Newsletter : 5fax0203.txt
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>PD Feb. 3, 1995, V3, #24
Summit Leaders Meet in Cairo
By Laurie Kassman (Cairo)
After five hours of talks, the Egyptian President Hosni Mubarak,
Jordan's King Hussein, PLO Chairman Yasir Arafat and Israeli Prime
Minister Yitzhak Rabin issued a three-page statement underlining
their commitment to the peace process, affirming their intentions
to end the violence that threatens to derail that process and to
promote economic development. The leaders have set up a series of
meetings to break the deadlock in Palestinian-Israeli negotiations
and agree to meet again as needed.
Egyptian Foreign Minister Amr Moussa says the five hours of
high-level talks could not solve all the problems but they did
salvage the faltering peace talks between Israel and the
Palestinians. "I believe that the talks and the process, especially
the Israeli Palestinian process, is back on track."
To push the process forward, the leaders agreed the
Palestinian-Israeli negotiations will resume Monday in Cairo to
deal with the framework for Palestinian elections. Rabin and
Arafat are to meet next Thursday at the Erez Crossing to discuss
problems still blocking their negotiations. The foreign ministers
of the four summit leaders will continue their work in Washington
on Feb.12 and again in Amman, where they will also talk about the
Palestinian refugee issue.
Moussa says the summit leaders of Egypt, Jordan, Israel and PLO
also spent a lot of time on the thorny issue of expanding Jewish
settlements in the West Bank.
"It was the subject of a long discussion this evening. We insist
that the issue of settlements be dealt with in accordance with the
letter and the spirit, not only of the peace process and peace
documents but international law."
He says negotiations will have to continue on this and other issues
that have become stumbling blocks on the road to peace.
"But at least we opened the door to discuss all the problems that
have been mentioned, that have been enumerated, that have been
discussed, including settlements, the violence, the implementation
or non-implementation of the accords, all those things."
In their joint declaration, the summit leaders pledged to put an
end to violence that has marred the peace process. They also
supported Mubarak's call for a mutually-verifiable weapons-free
zone in the Middle East. And they promised to increase economic
cooperation, promote investment and improve education levels in the
Israel Ambassadorial Confirmation Hearing Starts
By David Gollust (Washington, D.C.)
The US Senate has begun consideration of the nomination of Martin
Indyk to be the next ambassador to Israel. Confirmation appears
certain despite the nominee's unusual background.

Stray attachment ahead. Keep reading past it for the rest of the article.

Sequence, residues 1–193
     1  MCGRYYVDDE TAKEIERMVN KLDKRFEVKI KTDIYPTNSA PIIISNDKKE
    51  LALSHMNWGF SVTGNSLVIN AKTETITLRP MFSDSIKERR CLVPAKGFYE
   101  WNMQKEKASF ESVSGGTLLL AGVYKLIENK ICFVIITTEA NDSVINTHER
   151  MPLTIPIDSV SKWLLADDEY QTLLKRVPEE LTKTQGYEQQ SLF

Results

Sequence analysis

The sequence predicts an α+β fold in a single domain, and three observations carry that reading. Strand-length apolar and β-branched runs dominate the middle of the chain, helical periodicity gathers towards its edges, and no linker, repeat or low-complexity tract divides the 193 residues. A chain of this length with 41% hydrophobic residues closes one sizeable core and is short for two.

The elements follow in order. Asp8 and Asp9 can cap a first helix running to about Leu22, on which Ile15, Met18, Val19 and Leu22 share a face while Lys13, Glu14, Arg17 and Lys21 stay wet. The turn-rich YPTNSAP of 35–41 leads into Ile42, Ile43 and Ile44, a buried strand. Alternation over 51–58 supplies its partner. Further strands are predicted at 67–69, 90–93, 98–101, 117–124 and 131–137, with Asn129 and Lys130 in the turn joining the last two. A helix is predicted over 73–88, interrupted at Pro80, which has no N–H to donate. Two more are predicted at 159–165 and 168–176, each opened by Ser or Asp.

If confirmed, Indyk would become the first Jewish US ambassador to
Israel -- the newest US citizen ever to hold an ambassadorial post
-- and quite likely the first envoy ever to have served in another
country's intelligence service.
The 43-year-old Australian-born academic served as a Middle East
analyst for that country's intelligence arm before moving to the
United States in 1982.
He held senior positions with AIPAC -- the most influential
pro-Israel lobbying group -- before setting up his own Middle East
policy institute in 1985. And he became an American citizen in
early 1993 -- only days before being named by President Clinton as
director for Middle East issues on the National Security Council.
Indyk's nomination is the first to be considered by the Senate
Foreign Relations Committee since the new Congress convened, and
committee members promise to act quickly to fill the Israel post
which has been vacant since August.
In his testimony, Indyk said he would be going to Tel Aviv at
a critical time when Israelis -- reeling from terrorist attacks
-- are beginning to question the value of the accord with the
He said both Israel and the Palestinian Authority face an uphill
struggle against extremists operating from their respective
territory -- but that PLO leader Yasir Arafat, especially, must be
seen as making a maximum effort to curb terror:
"It is very important, I think, that we see a 100 per cent effort.
And it's very important at this particular moment when Israelis are
beginning to question the viability of their partnership with the
PLO, that Chairman Arafat demonstrate, clearly, consistently,
vigorously that he is doing all he can to control the terrorist
activities in areas under his control."
Indyk voiced strong opposition to the sentiment widely held among
majority Republicans in Congress that the US Embassy in Israel be
moved from Tel Aviv to Jerusalem.
Noting that Israel and the PLO themselves agreed to defer the
sensitive Jerusalem question, Indyk said a US move on the embassy
now would "explode" the peace process and put the United States
"out of business" with regard to Mideast diplomacy.
The Indyk nomination has drawn some criticism from American-Arab
groups. And one former US ambassador to Israel -- William Harrop
-- says it is a "profound mistake" to name someone so
closely-associated with the Israeli lobby to the post.
However, no visible opposition has emerged among senators, and
confirmation could come within the next two weeks.
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